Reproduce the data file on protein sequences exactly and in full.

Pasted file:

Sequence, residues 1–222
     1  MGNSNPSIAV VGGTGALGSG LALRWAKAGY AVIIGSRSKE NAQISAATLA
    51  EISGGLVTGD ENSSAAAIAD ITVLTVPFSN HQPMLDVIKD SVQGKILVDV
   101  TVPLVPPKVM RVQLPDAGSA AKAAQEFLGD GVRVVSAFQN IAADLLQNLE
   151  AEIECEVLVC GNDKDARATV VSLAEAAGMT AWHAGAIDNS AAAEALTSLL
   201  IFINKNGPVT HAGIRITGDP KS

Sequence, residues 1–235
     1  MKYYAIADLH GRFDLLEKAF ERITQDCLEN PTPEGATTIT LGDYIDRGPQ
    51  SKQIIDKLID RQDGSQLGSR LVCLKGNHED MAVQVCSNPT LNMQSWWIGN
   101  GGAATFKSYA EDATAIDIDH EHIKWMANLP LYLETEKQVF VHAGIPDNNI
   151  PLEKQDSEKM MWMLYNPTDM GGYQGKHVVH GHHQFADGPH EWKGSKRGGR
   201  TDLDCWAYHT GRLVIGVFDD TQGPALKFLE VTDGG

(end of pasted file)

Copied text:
Sequence, residues 1–222
     1  MGNSNPSIAV VGGTGALGSG LALRWAKAGY AVIIGSRSKE NAQISAATLA
    51  EISGGLVTGD ENSSAAAIAD ITVLTVPFSN HQPMLDVIKD SVQGKILVDV
   101  TVPLVPPKVM RVQLPDAGSA AKAAQEFLGD GVRVVSAFQN IAADLLQNLE
   151  AEIECEVLVC GNDKDARATV VSLAEAAGMT AWHAGAIDNS AAAEALTSLL
   201  IFINKNGPVT HAGIRITGDP KS

Sequence, residues 1–235
     1  MKYYAIADLH GRFDLLEKAF ERITQDCLEN PTPEGATTIT LGDYIDRGPQ
    51  SKQIIDKLID RQDGSQLGSR LVCLKGNHED MAVQVCSNPT LNMQSWWIGN
   101  GGAATFKSYA EDATAIDIDH EHIKWMANLP LYLETEKQVF VHAGIPDNNI
   151  PLEKQDSEKM MWMLYNPTDM GGYQGKHVVH GHHQFADGPH EWKGSKRGGR
   201  TDLDCWAYHT GRLVIGVFDD TQGPALKFLE VTDGG